As an event marketer, you know the struggle of creating compelling content for multiple channels to entice people to buy tickets, sponsor, volunteer, or participate in your event. Filling a content calendar with meaningful messaging that resonates with your audience can be challenging.

When it comes to content marketing for events, many marketers usually start with save-the-dates, press releases, guest announcements, and “buy now” posts. However, there are other types of content that you should be leveraging to drive ticket sales, increase online engagement, and grow your events. Let’s explore seven types of content that event marketers need to use to achieve their goals.

Ticket Types

As audiences diversify, events are increasingly adding new ways to participate. Some attendees seek specific experiences related to food, music, and art. Some attendees want to experience the community by connecting with local partners, shopping small businesses, and discovering local flavors. Others may seek knowledge, wanting to learn from and connect with content experts through classes, lectures, or other educational content.  

Different ticket types, including exclusive VIP experiences, can drive participation and attract new audiences. Developing these experiences is only half the battle. Event professionals need to market them. Social media is a great place to do it.

Create a social graphic for each ticket type at your event. Create posts for VIP experiences and every add-on, including items like food tickets and parking. Not only are you building awareness, but it also provides a consistent source of content that can be shared week after week. Ticket-type Thursday, or some similar posting tactic, sets an expectation with your audience to check in and see what new experiences are in the spotlight.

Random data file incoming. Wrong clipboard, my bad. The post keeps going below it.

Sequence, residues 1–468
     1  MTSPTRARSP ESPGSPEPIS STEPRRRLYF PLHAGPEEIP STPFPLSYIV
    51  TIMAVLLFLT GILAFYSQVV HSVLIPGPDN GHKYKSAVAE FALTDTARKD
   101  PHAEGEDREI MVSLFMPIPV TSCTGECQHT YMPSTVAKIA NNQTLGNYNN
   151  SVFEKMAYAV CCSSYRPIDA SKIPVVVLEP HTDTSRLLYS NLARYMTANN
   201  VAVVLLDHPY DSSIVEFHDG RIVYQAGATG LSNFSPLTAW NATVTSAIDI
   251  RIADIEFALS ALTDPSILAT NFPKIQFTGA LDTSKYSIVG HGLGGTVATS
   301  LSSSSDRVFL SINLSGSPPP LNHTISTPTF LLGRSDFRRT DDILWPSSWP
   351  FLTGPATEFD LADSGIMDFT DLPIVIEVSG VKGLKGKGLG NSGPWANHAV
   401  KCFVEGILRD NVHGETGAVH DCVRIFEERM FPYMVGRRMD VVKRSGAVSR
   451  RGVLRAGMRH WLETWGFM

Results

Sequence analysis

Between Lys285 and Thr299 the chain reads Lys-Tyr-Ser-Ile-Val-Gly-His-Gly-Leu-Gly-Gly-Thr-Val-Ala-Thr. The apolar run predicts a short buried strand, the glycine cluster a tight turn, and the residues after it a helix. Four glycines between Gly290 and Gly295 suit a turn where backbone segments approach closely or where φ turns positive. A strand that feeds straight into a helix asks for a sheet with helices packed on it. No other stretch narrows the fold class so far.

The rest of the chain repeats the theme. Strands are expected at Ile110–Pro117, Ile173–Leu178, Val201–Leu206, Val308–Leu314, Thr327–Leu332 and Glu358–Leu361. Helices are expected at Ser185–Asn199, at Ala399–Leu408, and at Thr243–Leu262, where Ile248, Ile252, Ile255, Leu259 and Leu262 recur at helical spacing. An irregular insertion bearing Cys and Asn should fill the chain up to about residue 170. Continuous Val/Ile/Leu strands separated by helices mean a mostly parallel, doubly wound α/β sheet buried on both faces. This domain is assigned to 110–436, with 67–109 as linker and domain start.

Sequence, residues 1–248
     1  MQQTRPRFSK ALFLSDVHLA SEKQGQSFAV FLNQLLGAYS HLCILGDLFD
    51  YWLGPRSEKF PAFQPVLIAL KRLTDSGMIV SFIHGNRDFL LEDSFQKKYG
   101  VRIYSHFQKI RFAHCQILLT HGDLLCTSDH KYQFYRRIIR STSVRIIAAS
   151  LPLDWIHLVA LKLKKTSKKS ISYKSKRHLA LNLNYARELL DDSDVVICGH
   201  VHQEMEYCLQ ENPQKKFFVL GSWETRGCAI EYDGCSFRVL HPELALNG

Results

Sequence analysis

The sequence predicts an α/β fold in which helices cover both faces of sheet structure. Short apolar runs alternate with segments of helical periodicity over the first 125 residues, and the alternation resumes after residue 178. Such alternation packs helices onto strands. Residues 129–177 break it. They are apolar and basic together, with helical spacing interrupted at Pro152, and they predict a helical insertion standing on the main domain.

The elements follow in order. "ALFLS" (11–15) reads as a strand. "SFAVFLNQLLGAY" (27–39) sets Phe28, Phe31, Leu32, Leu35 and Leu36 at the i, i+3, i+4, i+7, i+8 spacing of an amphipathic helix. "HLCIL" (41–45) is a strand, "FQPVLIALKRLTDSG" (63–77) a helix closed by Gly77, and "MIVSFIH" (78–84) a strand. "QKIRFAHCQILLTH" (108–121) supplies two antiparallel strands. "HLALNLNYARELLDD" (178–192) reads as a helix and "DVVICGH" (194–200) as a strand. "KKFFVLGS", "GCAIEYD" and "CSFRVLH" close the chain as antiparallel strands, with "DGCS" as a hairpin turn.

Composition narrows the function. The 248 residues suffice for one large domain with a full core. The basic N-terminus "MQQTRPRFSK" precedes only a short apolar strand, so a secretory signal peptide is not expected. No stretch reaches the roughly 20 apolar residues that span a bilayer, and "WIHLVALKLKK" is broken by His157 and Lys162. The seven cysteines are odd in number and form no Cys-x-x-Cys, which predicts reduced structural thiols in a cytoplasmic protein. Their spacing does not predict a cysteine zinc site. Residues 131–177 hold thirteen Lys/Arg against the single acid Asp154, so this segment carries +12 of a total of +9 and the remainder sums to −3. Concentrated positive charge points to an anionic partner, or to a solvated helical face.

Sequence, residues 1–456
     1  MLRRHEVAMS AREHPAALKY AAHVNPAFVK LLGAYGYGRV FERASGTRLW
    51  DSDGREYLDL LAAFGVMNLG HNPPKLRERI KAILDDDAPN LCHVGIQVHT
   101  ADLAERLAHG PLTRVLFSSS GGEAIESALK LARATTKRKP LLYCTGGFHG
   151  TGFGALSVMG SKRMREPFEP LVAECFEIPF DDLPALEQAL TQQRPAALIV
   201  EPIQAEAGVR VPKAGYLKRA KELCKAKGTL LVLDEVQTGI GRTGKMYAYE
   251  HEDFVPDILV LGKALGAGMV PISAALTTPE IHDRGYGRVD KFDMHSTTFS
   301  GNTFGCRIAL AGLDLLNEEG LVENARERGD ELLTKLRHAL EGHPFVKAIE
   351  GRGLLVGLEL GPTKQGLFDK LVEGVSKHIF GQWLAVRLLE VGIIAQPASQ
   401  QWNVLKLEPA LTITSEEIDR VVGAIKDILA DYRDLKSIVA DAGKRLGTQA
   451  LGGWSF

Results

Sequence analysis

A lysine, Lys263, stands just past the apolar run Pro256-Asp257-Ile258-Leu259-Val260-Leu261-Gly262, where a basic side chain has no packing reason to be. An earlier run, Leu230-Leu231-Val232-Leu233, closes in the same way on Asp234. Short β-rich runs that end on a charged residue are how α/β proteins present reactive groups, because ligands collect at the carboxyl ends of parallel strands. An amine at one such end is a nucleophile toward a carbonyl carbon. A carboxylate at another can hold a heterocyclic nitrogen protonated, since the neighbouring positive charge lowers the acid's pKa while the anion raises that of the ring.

Not sure if a ticket type or VIP experience will work? Create a limited run and offer it as a social media-only promotion. Your followers will likely provide immediate feedback and offer perspective on your experiment. 

TV and Radio Spots

Many events pay or trade to get TV and Radio spots. These 15- and 30-second bumps use amazing event footage to capture people’s attention. Whether made externally or produced in-house, they still require significant time and effort to create. 

Be creative in how you use these spots. They can live in more places than just their intended medium.  

TV spots can be reformatted to become TikTok or Instagram content. You could use the video as paid advertising on Facebook or Twitter. 15-30 seconds is an ideal social advertisement length.

Even radio spots can be repurposed and used. Overlaying radio audio on b-roll from an event can quickly turn audio content into a video ready for social media. Tools like descript can quickly add visualization to audio to create an eye-catching micro-video. 

Maximize the mileage you get from any produced media by sharing it on social. 

Ratings and Reviews

Almost every organization conducts a post-event survey. The information collected is invaluable to improving the quality of your event year after year. These responses can also provide useful content.

Social proof is one of the most potent forms of influence. 80% of consumers check ratings and reviews before making a purchase. Make their research easy by having ratings and reviews readily available. Testimonials should be on more than just the home page. Experiment with putting reviews on pages that are part of the ticket purchase process, particularly for high-value tickets or VIP experiences.

These ratings and reviews can also be converted into social content. Overlay a review on an event photo, and you quickly have an engaging social asset. 

Be mindful of the source of the review. Third-party platforms like Google Reviews and TripAdvisor often have specific limitations on how reviews from their sites can be displayed. These review sites usually require a live web embed, which is impossible when moving digital reviews to static social or print media. Event-generated reviews from attendee surveys have fewer restrictions and are the best source for some marketing placements. 


It may seem odd to share wayfinding content when everyone has a GPS on their phone. But events often cause street closures, traffic jams, and general disruption to the usual way people move around a space. Multiple entrance locations, special parking situations, and separate entry processes for staff, vendors, and talent can further exacerbate this.